America’s Greenest Winery?
“Even tilling kills worms in the soil,” which is why she’ll have chickens on site to naturally peck at the dirt (which will be supplemented with compost from San Francisco).
When you drive to the Inman Family winery (the tasting room is scheduled to open at the end of this month) you’ll see chickens roving the vineyard, owls nestled in wooden birdhouses, a carefully tilled organic vegetable patch and a cluster of beehives. The critters are intended to keep away pests, pollinate the grapevines and fertilize the soil all without using harmful chemicals. And she’ll sell the organic vegetables in her tasting room.
All this may make the winery feel like a 19th century farm, until you notice an electric car recharging station and the solar powered tasting room which has colorful counter tops inside that are made from recycled glass.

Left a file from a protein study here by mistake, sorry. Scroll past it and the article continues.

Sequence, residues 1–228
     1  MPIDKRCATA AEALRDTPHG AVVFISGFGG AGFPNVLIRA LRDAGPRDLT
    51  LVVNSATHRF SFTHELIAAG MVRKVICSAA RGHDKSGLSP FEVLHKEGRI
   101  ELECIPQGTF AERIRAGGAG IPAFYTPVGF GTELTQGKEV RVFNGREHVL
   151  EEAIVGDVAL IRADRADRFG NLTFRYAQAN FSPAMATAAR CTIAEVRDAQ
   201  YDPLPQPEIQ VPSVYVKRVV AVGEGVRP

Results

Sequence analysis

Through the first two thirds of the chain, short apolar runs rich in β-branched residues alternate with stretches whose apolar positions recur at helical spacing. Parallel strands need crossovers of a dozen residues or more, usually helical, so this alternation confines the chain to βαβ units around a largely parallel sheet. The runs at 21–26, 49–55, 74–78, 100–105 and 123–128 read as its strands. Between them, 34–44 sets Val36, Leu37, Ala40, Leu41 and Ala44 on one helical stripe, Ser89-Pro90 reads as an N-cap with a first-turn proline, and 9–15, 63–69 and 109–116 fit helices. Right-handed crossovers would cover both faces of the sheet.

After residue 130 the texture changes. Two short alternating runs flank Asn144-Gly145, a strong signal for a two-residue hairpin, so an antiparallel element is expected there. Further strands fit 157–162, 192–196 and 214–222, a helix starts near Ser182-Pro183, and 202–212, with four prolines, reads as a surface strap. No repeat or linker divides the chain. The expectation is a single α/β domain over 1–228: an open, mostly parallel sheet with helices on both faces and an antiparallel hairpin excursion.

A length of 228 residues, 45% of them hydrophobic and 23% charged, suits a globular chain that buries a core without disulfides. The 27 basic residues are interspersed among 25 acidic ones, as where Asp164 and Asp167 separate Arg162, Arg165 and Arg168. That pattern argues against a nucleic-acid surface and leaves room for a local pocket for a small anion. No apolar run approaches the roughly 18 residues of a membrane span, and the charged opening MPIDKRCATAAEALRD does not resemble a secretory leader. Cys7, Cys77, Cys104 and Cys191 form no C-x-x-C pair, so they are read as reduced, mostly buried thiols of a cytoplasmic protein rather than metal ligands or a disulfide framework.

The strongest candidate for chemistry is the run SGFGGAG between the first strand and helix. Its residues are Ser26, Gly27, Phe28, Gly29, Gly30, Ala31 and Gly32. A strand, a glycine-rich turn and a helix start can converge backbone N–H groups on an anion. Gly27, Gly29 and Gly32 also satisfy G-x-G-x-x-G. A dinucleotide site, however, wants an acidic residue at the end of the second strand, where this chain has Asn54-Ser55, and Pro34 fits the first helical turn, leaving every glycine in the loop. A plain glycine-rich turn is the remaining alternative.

Inman has spent the last several months tearing down a 100-year-old barn on her property and replacing it with a state of the art tasting room. Redwood from the original barn will even be recycled and used in the new establishment. The tasting room is still under construction—right now it’s little more than poured concrete and a few steel beams, which are made from recycled automobiles of course.
Inman is serious about making her winery as green as possiible. Her bottles of organic pinot gris and pinot noir have labels made from bamboo and sugarcane and even the inks are natural and water-based. But Inman may have somecatching up to do: Parducci has long been dubbed the greenest winery in the country after it went carbon neutral in 2007. Though Inman isn’t producing all her own energy like Parducci, she plans to add even more green features in the future.
If you’re looking for a pinot noir that comes with a light eco-footprint, look no further.